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Islamic Banking

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Submitted By filyas
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Farhan Ilyas
Islamic banking is banking or banking activity that is consistent with the principles of sharia and its practical application through the development of Islamic economics.
The Basic Difference between Capitalist and Islamic Economy
Islam does not deny the market forces and market economy. Even the profit motive is acceptable to a reasonable extent. Private ownership is not totally negated. Yet, the basic difference between capitalist and Islamic economy is that in secular capitalism, the profit motive or private ownership are given unbridled power to make economic decisions. Their liberty is not controlled by any divine injunctions.

History of Islamic Banking:
Since the beginning of the 18th century, banking has been conducted on an interest-based system of lending money to those in need. With no other alternative available, people had no choice but to borrow money at often high interest rates. This lead to the formation of an unfair system that brought unnecessary hardship on people
It was this need for a fair financial system that brought about the birth of Islamic banking in the mid-1970s. Its objective was to provide a financial alternative that was fair, transparent and above all, a source of economic upliftment for all those in need
Islamic banking, enlightened with the guidance of Islamic Shari‘ah principles, emerged as an alternative financial system that neither gave nor took interest, thereby introducing a fair system of social justice and equality, while fulfilling the financial needs of people and maintaining high standards of ethics, transparency and a sense of responsibility

According to Shari‘ah, interest free loans are meant for cooperative and charitable activities, and not normally for commercial transactions, except in a very limited range. So far as commercial financing is concerned, the Islamic Shari‘ah has a different set-up for that purpose. The principle is that the person extending money to another person must decide whether he wishes to help the opposite party or he wants to share his profits. If he wants to help the borrower, he must rescind from any claim to any additional amount. His principal will be secured and guaranteed, but no return over and above the principal amount is legitimate. But if he is advancing money to share the profits earned by the other party, he can claim a stipulated proportion of profit actually earned by him, and must share his loss also, if he suffers a loss.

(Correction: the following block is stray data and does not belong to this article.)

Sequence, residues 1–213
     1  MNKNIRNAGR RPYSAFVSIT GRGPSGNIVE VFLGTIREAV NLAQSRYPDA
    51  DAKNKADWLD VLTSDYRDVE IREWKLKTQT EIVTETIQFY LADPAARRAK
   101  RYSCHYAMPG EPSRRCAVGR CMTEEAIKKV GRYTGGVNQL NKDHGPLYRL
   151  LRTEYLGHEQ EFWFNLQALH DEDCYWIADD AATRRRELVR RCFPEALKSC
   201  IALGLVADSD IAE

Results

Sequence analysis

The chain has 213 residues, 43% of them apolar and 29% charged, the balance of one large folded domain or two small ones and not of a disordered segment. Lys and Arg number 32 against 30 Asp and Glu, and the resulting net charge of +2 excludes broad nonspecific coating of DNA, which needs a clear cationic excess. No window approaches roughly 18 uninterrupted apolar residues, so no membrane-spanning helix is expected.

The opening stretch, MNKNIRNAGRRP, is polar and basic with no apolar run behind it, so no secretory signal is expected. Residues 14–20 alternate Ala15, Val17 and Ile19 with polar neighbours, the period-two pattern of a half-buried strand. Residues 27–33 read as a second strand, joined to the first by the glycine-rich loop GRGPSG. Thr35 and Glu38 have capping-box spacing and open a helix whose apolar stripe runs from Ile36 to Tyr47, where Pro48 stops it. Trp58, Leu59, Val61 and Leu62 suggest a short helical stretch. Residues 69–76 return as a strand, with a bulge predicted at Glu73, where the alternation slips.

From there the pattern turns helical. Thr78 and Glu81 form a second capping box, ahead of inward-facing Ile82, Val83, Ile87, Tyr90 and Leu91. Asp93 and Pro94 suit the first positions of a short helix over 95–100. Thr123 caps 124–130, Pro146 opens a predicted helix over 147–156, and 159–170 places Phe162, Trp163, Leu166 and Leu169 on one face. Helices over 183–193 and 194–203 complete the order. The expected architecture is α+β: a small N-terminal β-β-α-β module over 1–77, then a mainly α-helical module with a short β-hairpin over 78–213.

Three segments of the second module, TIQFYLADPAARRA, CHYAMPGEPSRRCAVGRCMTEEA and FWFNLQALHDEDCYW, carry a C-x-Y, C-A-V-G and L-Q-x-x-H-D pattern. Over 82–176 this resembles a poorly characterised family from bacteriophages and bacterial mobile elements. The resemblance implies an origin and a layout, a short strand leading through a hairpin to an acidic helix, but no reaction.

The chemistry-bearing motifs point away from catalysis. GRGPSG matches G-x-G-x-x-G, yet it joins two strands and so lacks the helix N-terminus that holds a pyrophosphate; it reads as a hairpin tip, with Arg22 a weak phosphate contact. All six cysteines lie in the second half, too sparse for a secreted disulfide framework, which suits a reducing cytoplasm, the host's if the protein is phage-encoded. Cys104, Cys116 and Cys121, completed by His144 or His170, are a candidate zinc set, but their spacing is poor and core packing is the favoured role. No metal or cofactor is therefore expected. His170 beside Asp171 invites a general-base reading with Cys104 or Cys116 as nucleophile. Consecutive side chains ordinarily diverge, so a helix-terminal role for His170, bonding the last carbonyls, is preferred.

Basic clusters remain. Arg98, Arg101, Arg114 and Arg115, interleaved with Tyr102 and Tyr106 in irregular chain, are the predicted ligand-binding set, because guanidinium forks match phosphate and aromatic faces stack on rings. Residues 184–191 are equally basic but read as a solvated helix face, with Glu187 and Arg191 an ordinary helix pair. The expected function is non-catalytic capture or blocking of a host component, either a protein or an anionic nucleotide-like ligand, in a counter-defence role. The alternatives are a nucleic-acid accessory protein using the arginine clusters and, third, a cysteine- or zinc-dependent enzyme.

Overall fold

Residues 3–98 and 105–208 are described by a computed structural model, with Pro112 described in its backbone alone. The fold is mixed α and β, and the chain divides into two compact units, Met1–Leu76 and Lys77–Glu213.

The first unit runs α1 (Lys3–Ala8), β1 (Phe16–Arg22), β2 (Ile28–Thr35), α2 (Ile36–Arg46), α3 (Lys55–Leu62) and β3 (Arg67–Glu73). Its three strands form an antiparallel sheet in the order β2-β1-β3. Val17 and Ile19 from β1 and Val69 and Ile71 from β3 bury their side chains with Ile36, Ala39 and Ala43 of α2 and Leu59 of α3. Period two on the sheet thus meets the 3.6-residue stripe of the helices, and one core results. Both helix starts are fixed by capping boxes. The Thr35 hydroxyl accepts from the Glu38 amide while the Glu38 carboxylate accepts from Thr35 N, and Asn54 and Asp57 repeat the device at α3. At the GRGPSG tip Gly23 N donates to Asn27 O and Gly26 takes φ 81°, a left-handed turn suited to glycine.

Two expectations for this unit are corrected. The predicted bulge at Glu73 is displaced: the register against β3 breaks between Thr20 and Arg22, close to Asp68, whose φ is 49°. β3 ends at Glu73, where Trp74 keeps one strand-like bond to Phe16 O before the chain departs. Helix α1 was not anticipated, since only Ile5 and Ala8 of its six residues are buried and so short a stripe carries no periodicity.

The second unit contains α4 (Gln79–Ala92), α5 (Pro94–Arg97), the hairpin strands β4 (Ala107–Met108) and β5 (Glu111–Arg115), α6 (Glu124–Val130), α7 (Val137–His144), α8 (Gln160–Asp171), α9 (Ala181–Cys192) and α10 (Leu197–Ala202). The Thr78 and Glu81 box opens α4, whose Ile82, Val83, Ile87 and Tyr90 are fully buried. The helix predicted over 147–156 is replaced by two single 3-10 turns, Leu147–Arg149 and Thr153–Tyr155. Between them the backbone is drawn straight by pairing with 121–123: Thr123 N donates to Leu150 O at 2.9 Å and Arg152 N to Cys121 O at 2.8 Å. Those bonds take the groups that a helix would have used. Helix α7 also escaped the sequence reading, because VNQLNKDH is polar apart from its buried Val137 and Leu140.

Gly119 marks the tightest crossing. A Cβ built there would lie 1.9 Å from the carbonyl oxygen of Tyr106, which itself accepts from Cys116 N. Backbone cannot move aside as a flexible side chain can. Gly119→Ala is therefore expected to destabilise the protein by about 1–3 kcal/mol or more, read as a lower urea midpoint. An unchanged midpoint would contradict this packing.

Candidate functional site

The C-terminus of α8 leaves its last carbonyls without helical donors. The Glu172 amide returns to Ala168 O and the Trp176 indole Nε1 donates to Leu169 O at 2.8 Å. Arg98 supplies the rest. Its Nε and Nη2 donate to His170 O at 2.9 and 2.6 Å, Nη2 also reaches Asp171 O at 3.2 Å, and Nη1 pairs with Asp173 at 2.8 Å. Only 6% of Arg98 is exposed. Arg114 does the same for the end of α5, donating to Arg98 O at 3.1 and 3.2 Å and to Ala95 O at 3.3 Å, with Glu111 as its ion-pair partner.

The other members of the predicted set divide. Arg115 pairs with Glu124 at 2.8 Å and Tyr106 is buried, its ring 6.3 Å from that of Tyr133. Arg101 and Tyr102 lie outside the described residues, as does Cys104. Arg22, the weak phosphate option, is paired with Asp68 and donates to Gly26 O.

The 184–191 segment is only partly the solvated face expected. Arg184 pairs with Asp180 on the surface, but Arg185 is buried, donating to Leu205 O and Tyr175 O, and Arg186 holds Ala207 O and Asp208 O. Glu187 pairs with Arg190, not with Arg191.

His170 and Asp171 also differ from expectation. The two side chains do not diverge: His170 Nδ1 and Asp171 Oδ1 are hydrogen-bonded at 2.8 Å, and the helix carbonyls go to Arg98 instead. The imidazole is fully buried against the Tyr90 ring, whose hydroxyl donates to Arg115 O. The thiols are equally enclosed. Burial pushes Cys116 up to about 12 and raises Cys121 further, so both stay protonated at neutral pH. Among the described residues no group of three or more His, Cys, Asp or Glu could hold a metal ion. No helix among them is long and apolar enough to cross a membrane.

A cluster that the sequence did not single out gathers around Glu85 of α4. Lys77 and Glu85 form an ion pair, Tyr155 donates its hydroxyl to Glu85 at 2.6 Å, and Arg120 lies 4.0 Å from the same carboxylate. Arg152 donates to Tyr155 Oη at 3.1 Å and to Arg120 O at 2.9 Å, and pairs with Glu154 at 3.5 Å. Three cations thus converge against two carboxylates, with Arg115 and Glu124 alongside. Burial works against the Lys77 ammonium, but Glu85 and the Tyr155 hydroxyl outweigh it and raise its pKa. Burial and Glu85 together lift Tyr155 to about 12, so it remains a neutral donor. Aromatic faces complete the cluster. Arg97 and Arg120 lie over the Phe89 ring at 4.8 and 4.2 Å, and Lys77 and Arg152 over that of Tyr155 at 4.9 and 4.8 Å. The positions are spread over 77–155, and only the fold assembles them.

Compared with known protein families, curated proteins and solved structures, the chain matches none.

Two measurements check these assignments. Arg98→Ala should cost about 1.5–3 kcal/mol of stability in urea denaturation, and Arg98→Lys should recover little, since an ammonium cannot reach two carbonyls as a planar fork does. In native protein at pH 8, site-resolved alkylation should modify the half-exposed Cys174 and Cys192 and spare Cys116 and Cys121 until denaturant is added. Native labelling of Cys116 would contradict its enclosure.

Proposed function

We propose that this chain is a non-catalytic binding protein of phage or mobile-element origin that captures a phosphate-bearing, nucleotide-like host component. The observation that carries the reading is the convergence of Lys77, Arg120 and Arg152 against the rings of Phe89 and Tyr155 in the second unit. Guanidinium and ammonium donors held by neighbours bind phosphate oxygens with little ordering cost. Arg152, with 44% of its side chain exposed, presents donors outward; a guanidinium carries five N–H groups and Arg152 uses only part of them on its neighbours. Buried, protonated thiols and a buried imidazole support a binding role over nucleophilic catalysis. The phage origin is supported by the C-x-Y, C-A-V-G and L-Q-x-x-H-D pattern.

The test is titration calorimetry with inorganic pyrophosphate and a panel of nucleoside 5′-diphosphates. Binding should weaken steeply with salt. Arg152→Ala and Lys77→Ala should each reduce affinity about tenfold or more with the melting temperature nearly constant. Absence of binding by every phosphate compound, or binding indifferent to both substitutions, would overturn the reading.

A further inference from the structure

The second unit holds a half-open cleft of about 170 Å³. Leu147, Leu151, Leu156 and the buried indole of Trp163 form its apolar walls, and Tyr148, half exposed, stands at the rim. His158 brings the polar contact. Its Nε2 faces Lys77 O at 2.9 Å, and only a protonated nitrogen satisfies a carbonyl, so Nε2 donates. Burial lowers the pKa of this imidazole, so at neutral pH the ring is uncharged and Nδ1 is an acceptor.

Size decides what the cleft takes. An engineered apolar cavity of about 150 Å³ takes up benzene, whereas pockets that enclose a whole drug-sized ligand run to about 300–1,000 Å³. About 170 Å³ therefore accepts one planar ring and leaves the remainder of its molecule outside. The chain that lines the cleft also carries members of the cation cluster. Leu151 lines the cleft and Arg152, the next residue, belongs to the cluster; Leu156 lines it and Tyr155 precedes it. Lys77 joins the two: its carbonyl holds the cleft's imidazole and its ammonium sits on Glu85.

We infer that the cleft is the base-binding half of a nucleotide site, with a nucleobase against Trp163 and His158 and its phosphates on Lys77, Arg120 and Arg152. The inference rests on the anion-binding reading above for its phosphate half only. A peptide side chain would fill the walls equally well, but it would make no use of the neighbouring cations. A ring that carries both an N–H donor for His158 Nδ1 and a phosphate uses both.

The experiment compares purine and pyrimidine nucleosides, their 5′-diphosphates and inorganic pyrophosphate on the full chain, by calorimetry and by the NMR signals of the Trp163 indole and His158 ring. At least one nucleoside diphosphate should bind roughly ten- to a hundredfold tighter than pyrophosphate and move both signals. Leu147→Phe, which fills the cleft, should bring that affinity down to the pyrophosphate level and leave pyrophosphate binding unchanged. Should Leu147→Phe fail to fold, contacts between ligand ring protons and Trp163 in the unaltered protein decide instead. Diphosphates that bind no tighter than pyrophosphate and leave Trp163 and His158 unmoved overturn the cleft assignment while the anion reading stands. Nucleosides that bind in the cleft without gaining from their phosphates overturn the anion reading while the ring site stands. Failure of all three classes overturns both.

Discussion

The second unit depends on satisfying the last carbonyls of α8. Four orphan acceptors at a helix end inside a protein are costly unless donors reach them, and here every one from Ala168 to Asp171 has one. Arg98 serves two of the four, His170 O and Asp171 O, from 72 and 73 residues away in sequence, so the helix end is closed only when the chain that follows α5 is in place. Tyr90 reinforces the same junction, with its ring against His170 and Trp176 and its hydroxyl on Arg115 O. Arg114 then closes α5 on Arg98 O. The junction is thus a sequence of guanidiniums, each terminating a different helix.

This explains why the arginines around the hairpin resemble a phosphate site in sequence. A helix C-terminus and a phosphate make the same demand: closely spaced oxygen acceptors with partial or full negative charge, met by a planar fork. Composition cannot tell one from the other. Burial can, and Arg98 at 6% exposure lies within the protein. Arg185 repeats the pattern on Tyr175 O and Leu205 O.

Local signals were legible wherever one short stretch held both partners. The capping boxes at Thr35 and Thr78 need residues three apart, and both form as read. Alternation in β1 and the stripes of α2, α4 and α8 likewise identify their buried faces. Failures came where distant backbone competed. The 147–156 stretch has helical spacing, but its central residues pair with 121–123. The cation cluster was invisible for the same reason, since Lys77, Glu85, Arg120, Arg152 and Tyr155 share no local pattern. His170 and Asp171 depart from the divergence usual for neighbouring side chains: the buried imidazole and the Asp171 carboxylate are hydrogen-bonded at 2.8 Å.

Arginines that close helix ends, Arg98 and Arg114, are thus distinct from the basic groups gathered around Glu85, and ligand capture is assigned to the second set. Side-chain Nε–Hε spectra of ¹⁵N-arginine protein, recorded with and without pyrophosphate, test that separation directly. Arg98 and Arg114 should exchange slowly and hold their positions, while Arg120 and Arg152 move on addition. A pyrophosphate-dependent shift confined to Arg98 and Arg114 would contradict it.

It is thus obvious that exclusion of interest from financial activities does not necessarily mean that the financier cannot earn a profit. If financing is meant for a commercial purpose, it can be based on the concept of profit and loss sharing, for which musharakah and mudarabah have been designed since the very inception of the Islamic commercial law
ISLAMIC MOOD OF FINANCE:
Musharakah:
A joint enterprise or partnership structure with profit/loss sharing implications that is used in Islamic finance instead of interest-bearing loans. Musharakah allows each party involved in a business to share in the profits and risks. Instead of charging interest as a creditor, the financier will achieve a return in the form of a portion of the actual profits earned, according to a predetermined ratio.
Example: